Berkeley’s sit-lie measure fails by small margin, but more votes to be tallied

The hotly debated Measure S failed Tuesday night, as final results showed that local voters had ultimately rejected the measure by 51.58 percent to 48.44 percent.

Controversial since its inception, the measure — also known as the sit-lie measure — would have prohibited sitting on sidewalks in commercial districts between the hours of 7 a.m. and 10 p.m. with limited exceptions. The measure aimed to increase the viability of Berkeley businesses by prohibiting sidewalk encampments that foster “increasingly inhospitable” public spaces, according to the ballot text.

The measure received widespread criticism in the months leading up to the election. Voters opposing the measure argued that it offered no solution to the overall issues of homelessness and sidewalk encampments.

However, Mayor Tom Bates, a main proponent of the measure, said the measure’s importance was its potential impact on businesses.

“It’s important for businesses to have an open community to survive and do well in Berkeley,” Bates said. “People who sit in front of stores are discouraging people from coming in.”

The measure would have taken effect on July 1 of next year. Until then, city officials would have worked with police to develop a system to effectively implement the measure, according to Bates.

Particularly on campus, the measure met with disapproval. Campus groups such as Cal Berkeley Democrats, the Suitcase Clinic and the ASUC endorsed a “No on S” stance, with demonstrations and rallies taking place in the weeks leading up to the election.

“I think that this measure is a back-door approach to solving an issue that frankly deserves much more attention and respect than it would be given under this bill,” said Tom McClure, a third-year student and officer within the clinic.

But Student Action Senator Tom Lee said the measure was about the students and their safety concerns more than anything.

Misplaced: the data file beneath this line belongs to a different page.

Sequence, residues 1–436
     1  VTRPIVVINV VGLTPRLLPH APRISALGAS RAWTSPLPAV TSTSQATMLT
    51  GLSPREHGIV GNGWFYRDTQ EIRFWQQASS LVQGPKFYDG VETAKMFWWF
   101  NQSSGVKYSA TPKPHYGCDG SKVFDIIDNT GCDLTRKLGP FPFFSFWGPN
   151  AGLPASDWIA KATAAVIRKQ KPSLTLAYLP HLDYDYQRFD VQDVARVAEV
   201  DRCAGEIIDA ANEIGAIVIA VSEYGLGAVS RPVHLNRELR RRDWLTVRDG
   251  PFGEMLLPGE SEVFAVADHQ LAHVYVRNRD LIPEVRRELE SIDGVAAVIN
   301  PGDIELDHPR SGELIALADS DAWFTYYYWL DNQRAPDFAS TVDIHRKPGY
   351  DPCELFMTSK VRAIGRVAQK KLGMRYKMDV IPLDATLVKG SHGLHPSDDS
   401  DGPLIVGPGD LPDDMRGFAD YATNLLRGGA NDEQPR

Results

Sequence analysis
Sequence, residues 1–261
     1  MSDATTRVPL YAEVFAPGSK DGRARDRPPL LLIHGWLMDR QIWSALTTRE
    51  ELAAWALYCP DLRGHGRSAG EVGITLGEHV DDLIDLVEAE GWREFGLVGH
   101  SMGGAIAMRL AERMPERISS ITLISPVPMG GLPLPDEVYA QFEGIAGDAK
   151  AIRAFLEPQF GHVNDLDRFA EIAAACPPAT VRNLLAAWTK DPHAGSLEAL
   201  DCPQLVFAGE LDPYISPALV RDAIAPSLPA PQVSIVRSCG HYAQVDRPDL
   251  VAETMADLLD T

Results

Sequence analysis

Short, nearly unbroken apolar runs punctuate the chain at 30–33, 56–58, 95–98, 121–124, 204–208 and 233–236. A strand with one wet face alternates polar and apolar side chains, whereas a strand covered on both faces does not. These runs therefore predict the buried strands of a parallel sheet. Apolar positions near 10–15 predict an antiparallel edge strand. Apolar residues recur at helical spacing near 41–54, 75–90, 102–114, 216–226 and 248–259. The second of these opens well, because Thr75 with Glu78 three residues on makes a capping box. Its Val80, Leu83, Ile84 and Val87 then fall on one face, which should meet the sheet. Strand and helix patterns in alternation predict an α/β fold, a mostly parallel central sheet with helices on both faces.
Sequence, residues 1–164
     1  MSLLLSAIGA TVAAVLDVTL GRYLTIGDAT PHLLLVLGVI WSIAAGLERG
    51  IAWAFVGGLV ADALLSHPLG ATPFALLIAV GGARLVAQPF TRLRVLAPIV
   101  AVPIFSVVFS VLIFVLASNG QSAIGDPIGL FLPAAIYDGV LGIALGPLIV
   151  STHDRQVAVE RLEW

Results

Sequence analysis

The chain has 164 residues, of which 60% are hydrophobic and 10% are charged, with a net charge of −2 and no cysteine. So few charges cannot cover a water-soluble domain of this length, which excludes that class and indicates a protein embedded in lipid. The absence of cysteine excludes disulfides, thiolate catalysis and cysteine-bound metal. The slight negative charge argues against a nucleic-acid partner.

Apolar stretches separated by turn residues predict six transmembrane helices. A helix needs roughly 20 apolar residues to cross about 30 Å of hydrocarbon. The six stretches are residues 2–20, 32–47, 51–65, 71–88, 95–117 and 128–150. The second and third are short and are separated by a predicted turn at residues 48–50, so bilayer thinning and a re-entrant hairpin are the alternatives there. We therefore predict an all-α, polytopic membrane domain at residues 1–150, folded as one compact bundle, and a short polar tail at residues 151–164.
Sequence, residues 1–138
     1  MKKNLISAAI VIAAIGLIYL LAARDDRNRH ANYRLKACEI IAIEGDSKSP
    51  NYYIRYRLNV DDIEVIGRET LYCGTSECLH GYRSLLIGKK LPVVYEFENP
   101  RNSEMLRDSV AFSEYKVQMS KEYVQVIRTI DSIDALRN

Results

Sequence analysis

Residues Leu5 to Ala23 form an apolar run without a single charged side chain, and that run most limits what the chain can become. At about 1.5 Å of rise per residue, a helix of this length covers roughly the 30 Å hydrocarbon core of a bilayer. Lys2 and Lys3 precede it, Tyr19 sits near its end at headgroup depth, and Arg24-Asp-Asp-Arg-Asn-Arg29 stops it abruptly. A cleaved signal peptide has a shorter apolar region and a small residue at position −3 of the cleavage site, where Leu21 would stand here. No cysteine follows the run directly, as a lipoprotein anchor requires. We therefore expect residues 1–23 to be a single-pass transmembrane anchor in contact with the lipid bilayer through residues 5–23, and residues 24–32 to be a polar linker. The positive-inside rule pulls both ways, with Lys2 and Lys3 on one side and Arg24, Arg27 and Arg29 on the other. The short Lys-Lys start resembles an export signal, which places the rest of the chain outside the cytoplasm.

“As harsh as it sounds, the rights of homeless people on the streets come second to the concerns of students, because I was chosen by the students to represent the students, not the homeless,” Lee said.

Pink Cloud, a longtime homeless resident in Berkeley, said the measure tried to unfairly target the homeless population and would have distracted law enforcement from more serious crimes.

“If they’re really worried about crime and violent crime, they’re not showing it very well,” Pink Cloud said. “They’re not doing anything about drugs or violence — they’re focusing on people who don’t have anything to trade and don’t have any resources.”

For some Berkeley voters, rejecting the measure is only a step in the right direction.

“The homeless are just another population within our community,” said Mahya Jaberiansari, a junior and advocacy coordinator with the Suitcase Clinic. “It is time for us … to realize what it really means to function in a society where not everyone is alike and not everyone lives the same way.”

Update as of Wednesday 2:58 p.m.: 

Although tentative predictions are being made based on the votes that have been processed, the election is not over until every single ballot is counted, according to Alameda County Registrar of Voters Dave Mcdonald.

Accordingly, the fate of some local measures including Measure S are still left uncertain.

Mail-in ballots that were dropped off at the polls and provisional ballots are still being processed and could potentially sway the final vote, according to Mcdonald.

“The election is not over until every single ballot is counted — there is a misconception that provisional ballots only get counted if it is a close vote, but that is not the case,” Mcdonald said. “We legally have 28 days to process all the votes, but we get it done much faster.”

Mcdonald said that he did not have the final voter turnout numbers yet, but he estimates that it will be less than the 78 percent of Berkeley residents who turned out for the 2008 election.

Contact Geena Cova at [email protected]